81 pages 2 hours read

Jim Murphy

An American Plague: The True and Terrifying Story of the Yellow Fever Epidemic of 1793

Nonfiction | Book | Middle Grade | Published in 2014

A modern alternative to SparkNotes and CliffsNotes, SuperSummary offers high-quality Study Guides with detailed chapter summaries and analysis of major themes, characters, and more. For select classroom titles, we also provide Teaching Guides with discussion and quiz questions to prompt student engagement.

Index of Terms

Aedes Aegypti

In the early 1900s, it is finally determined that the cause of yellow fever is a mosquito called Aedes Aegypti. More specifically, it is the female who spreads the disease because she requires human blood, whereas the male does not. In 1793, infected mosquitoes are most likely carried on ships that docked in Philadelphia. The city’s open wells, water barrels, and sewers make ideal breeding grounds for the infected mosquitoes to reproduce and spread the disease.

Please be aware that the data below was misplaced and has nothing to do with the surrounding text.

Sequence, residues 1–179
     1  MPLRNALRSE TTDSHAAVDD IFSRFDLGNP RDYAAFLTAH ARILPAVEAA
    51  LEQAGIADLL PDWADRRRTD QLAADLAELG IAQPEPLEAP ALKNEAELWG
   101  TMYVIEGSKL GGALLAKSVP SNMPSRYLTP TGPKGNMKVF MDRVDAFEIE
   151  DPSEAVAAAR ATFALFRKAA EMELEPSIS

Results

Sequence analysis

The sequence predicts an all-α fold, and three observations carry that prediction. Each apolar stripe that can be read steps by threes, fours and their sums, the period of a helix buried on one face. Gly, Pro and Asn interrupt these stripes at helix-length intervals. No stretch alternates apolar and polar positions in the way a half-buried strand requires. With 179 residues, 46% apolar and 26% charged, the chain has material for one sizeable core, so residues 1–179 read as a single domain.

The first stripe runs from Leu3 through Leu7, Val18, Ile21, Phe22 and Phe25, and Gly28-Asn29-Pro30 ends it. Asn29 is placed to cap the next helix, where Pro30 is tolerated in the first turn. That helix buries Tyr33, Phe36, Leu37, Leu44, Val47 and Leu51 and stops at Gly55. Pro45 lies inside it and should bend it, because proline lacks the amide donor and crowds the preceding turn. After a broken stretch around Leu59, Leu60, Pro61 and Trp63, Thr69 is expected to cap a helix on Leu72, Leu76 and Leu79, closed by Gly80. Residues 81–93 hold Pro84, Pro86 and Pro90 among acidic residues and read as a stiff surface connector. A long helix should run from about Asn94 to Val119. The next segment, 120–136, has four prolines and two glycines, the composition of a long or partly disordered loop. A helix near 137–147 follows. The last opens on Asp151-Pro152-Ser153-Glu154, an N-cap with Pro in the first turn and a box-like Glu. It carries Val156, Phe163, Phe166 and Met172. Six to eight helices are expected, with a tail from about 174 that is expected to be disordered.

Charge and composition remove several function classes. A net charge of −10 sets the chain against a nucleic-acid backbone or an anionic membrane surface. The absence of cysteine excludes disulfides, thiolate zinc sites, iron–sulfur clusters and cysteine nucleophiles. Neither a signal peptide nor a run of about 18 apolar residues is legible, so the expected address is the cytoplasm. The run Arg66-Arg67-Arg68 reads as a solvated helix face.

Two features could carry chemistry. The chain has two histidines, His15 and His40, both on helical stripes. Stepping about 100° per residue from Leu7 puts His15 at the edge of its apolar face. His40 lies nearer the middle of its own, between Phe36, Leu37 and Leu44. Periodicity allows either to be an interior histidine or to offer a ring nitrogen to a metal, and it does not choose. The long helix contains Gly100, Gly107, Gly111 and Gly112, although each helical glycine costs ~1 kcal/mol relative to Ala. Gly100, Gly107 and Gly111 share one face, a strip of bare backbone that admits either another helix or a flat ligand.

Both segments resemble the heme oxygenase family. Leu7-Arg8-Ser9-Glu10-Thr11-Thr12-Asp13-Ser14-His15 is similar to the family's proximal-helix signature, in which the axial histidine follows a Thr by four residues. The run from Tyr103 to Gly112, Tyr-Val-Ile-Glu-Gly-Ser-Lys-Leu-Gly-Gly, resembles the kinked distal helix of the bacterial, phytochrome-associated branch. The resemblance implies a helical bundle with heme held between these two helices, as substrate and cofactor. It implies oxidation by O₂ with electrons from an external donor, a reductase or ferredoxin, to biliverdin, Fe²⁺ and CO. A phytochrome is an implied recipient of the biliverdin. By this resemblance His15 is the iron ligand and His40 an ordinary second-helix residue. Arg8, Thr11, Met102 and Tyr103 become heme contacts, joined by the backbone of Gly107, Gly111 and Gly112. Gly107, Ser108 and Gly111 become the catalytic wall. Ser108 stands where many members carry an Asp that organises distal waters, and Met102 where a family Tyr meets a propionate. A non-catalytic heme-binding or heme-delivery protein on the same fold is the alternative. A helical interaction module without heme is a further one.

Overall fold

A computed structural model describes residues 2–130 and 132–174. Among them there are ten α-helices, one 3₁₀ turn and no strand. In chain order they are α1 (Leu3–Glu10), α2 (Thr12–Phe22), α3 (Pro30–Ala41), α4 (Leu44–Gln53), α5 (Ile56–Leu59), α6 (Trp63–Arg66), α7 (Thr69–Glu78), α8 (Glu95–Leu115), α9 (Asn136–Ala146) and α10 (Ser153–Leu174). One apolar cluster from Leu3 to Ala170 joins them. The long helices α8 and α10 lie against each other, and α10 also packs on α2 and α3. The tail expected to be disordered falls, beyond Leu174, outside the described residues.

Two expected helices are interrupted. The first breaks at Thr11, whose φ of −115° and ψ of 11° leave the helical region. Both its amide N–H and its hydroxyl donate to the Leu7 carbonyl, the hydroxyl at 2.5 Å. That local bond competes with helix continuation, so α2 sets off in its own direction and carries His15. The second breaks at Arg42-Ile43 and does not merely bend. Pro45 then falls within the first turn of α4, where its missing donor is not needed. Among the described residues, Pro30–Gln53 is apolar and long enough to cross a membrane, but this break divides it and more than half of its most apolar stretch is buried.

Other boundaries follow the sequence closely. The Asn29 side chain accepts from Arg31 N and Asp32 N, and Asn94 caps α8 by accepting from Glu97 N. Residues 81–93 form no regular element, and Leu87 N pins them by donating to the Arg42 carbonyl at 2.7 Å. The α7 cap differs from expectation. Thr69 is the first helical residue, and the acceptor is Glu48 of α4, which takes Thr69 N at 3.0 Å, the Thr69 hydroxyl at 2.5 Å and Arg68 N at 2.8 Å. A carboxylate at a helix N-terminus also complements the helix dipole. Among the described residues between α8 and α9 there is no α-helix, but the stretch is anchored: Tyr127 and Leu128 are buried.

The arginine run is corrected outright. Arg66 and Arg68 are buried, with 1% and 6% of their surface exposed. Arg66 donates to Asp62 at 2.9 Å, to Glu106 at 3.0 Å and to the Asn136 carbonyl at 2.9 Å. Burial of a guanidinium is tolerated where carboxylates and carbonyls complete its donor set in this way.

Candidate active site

Once the mosquito is identified as the cause, people can take better precautions to stop the spread, such as placing netting around encampments of the infected. Attempts are made in the 20th century to rid the Western Hemisphere of Aedes Aegypti by spraying pesticides, but they are unsuccessful and eventually raise concerns over health risks.

Bush Hill

Bush Hill is an abandoned mansion that the mayor, along with the Overseers and Guardians of the Poor, decide to turn into a hospital for yellow fever patients. The owner is in England and the caretaker is unable to stop them from taking control of the mansion. The hospital is set up a few weeks after the disease begins to spread and is initially very disorganized and poorly run.

However, wealthy merchant Stephen Girard and barrel maker Peter Helm soon step in to manage the hospital.